The Bright Side?

Note: This is a Monday, October 22nd, unedited first draft. Anyone who disagrees with the thrust of this piece might benefit from glance at http://www.amazon.com/Dead-Cities-And-Other-Tales/dp/1565848446.

The Bright Side?
Dedicated to the hope that this will resonate with at least some folks at NCCC
by The Ox
aptosnews@gmail.com

Most people don’t know that if one employed the population density of Manhattan, it would be possible to fit the entire world’s population in 2012 into the state of Texas.

[Pause.]

Have you processed that yet?

[Pause.]

A recent National Geographic article (December, 2011) titled The City Solution attempts to explain why cities are the best cure for our planet’s pains. Hmmm. I don’t think so. Do you?

In 1800 there were 3 cities of one million or more inhabitants. In 1900 more than five times that number blossomed. But the 16 cities of a million or more which the world boasted in 1900 (when there were 1.65 billion people on earth) grew 74 by 1950. A horrid momentum had begun. And only 60 years later — in 2010 — there were 442 cities of a million or more people!

I spent over four decades in academia and I know very well how statisticians and academic magicians enjoy spinning figures this way and that, often procuring funds to do so if they can provide a unique enough angle to pitch to the powers that be. I point this out because it should be kept in mind when reading the following excerpt from that misleading National Geographic issue:

“Not an urban myth: Dense cities tend to emit less CO2 per person than the national average. Not always — a city’s emissions depend also on its source of electricity and how much industry and public transit is has. But dense settlements emit less than scattered, sprawling ones.”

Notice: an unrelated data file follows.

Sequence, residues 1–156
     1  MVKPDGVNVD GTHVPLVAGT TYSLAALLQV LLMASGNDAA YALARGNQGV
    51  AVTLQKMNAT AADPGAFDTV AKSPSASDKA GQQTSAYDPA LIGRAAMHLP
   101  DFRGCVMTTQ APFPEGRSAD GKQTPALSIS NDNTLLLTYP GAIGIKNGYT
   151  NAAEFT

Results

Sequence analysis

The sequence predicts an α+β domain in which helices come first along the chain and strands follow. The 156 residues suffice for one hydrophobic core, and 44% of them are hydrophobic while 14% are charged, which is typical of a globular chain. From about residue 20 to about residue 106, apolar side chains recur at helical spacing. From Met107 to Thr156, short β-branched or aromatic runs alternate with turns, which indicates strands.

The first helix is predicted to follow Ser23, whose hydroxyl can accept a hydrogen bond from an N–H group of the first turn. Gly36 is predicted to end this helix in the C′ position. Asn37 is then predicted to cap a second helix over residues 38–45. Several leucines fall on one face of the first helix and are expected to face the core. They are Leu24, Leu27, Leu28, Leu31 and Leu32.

I’m not going to argue with the so-called facts here. My purpose is very simple. I merely want the reader to think about whether or not the likes of Manhattan — in the context I opened this piece with — is inhabitable. That’s what I’d like to talk to the reader about directly.

For I want to do something about our current momentum, and not just with regard to population issues. The National Geographic article — well-meaning, I’m sure, albeit not so well-informed in my book — is one of an almost infinite number of postings and publications that generate interest and entertain whilst making sales these days… which — simultaneously — ignore crises in various realms. [Pause.] Shining a light that darkens our potential to see what faces us.

We have collective deadlines. And it won’t do to act as if we can address the crucial challenges of our times by bright siding our momentum. We need light which delights and enlightens… not overexposure to what tells the public what it wants to see.

The author is NOT into apathy, resignation, cynicism or atomization. He very much wants to move in solidarity to solve serious footprint matters and related issues. He has a plan for action which follows a fresh paradigm, and he truly hopes that some reader will request details.